## The Special Linear Group (and others)

We’ve got down the notion of the general linear group of a vector space , including the particular case of the matrix group of the space . We also have defined the orthogonal group of matrices over whose transpose and inverse are the same, which is related to the orthogonal group of orthogonal transformations of the real vector space preserving a specified bilinear form . Lastly, we’ve defined the group of unitary transformations on — complex matrices whose conjugate transpose and inverse are the same.

For all of these matrix groups — which are all subgroups of some appropriate — we have a homomorphism to the multiplicative group of given by the determinant. We originally defined the determinant on itself, but we can easily restrict it to any subgroup. We actually know that for unitary and orthogonal transformations the image of this homomorphism must lie in a particular subgroup of . But in any case, the homomorphism must have a kernel, and this kernel turns out to be important.

In the case of the general linear group , the kernel of the determinant homomorphism consists of the automorphisms of with determinant . We call this subgroup of the “special linear group” , and transformations in this subgroup are sometimes called “special linear transformations”. Of course, we also have the particular special linear group . When we take the kernel of any of the other groups, we prepend the adjective “special” and an to the notation. Thus we have the special orthogonal groups and and the special unitary group .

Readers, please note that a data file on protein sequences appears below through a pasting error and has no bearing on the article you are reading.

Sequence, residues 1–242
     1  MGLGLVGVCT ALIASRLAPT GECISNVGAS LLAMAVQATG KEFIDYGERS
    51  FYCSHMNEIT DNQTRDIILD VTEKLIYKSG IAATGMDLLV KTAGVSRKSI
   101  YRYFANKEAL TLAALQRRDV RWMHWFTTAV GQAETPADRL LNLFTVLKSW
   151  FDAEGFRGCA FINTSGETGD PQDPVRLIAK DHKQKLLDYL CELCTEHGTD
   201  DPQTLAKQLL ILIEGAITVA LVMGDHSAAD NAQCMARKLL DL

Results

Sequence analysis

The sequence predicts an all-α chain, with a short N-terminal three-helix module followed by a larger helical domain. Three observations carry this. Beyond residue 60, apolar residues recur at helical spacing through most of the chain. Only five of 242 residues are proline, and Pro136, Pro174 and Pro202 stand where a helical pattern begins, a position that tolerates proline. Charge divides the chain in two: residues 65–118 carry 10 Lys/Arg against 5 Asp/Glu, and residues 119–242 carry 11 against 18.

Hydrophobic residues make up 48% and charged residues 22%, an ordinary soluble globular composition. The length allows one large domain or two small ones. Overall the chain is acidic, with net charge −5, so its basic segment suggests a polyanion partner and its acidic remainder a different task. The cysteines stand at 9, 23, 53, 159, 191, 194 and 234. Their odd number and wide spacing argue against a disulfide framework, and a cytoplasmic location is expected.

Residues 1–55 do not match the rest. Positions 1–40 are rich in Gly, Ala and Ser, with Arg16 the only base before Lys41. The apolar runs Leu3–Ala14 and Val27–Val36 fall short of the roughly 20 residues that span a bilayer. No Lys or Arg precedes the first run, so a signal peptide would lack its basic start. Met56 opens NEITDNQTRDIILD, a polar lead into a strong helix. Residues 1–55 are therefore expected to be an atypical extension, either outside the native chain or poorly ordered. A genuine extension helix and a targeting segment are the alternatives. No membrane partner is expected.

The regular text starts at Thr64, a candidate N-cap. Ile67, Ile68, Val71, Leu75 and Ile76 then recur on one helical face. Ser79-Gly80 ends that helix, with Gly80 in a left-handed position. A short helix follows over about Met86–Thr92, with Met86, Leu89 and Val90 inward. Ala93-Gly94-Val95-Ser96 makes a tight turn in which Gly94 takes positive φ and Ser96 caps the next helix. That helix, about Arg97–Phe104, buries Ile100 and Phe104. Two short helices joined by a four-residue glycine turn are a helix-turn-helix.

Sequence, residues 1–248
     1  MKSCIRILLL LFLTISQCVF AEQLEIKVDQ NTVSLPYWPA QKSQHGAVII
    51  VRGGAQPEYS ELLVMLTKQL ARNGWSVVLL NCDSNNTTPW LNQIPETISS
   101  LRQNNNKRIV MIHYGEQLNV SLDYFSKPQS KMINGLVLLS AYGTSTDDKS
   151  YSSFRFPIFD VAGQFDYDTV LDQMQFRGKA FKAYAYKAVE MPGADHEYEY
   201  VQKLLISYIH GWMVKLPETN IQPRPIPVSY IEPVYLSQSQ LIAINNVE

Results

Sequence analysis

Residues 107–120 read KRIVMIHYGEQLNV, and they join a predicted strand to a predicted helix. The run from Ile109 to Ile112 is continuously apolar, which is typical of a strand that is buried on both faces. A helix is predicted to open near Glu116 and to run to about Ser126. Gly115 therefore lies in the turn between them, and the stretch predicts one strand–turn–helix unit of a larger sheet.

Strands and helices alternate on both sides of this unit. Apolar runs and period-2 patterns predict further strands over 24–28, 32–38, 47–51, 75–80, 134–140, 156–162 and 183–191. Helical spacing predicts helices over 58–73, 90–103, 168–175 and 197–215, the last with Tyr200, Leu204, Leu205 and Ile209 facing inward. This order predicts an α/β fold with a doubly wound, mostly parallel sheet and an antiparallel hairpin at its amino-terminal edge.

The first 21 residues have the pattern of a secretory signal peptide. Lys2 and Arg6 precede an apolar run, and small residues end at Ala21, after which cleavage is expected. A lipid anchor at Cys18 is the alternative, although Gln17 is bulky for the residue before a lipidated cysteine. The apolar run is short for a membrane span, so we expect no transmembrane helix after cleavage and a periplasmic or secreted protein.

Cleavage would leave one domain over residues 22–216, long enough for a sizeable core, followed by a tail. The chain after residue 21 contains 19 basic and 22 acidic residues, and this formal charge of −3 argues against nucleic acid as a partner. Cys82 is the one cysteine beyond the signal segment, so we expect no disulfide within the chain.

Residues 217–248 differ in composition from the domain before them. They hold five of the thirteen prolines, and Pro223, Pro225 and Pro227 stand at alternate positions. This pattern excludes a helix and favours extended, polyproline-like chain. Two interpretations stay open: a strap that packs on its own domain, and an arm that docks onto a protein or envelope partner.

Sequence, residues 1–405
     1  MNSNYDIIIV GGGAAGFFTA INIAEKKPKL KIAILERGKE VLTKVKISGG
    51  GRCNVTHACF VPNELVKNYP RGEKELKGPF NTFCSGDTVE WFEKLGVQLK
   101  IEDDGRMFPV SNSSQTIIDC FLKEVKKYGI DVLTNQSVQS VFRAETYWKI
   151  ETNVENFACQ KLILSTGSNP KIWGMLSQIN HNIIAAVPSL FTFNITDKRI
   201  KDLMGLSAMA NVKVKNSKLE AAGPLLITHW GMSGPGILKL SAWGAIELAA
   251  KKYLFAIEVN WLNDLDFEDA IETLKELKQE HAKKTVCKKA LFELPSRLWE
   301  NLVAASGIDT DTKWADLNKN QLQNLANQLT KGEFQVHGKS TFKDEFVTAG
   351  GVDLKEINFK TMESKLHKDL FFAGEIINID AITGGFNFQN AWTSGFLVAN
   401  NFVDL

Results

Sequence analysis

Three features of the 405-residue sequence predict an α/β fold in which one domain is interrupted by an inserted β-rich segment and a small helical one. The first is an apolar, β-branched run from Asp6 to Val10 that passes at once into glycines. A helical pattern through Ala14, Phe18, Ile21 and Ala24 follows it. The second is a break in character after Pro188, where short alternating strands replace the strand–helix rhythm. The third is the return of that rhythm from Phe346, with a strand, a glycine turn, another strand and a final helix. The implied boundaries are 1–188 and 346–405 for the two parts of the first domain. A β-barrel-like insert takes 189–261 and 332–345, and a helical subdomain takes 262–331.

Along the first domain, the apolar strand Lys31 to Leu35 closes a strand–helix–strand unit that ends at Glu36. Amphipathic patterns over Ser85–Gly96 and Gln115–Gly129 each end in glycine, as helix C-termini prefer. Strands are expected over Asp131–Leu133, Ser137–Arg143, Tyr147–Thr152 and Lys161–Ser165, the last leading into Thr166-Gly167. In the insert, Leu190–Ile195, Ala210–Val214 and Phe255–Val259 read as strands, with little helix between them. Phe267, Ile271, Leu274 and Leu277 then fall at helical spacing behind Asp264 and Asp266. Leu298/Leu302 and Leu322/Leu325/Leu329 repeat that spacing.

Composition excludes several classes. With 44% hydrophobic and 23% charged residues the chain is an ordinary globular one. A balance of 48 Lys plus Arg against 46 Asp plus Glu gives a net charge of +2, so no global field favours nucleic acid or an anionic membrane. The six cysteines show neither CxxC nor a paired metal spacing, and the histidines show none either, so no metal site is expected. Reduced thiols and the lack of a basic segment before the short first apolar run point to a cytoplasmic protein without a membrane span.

In a sense, all the interesting part of the general linear group is contained in the special linear subgroup. Outside of that, what remains is “just” a scaling. It’s a little more complicated than it seems on the surface, but not much.

[…] Shears Generate the Special Linear Group We established that if we restrict to upper shears we can generate all upper-unipotent matrices. On the other hand if we use all shears and scalings we can generate any invertible matrix we want (since swaps can be built from shears and scalings). We clearly can’t build any matrix whatsoever from shears alone, since every shear has determinant and so must any product of shears. But it turns out that we can use shears to generate any matrix of determinant — those in the special linear group. […]

Pingback by Shears Generate the Special Linear Group « The Unapologetic Mathematician | September 9, 2009 |

[…] shears alone generate the special linear group. Can we strip them down any further? And, with this in mind, how many generators does it take to […]

Pingback by How Many Generators? « The Unapologetic Mathematician | September 11, 2009 |

[…] this gives a geometric meaning to the special orthogonal group . Orthogonal transformations send orthonormal bases to other orthonormal bases, which will send […]

Pingback by Parallelepipeds and Volumes II « The Unapologetic Mathematician | November 3, 2009 |

[…] to turn our heads and translate the laws of physics to compensate exactly. These rotations form the special orthogonal group of orientation- and inner product-preserving transformations, but we can also throw in reflections […]

Pingback by The Cross Product and Pseudovectors « The Unapologetic Mathematician | November 10, 2009 |

Sorry for commenting OT … what WP theme do you use? It’s looking great!!

Comment by Sleemameameva | December 7, 2009 |

/me checks the bottom of the page

“Theme: Andreas04 by Andreas Viklund.”

Comment by John Armstrong | December 7, 2009 |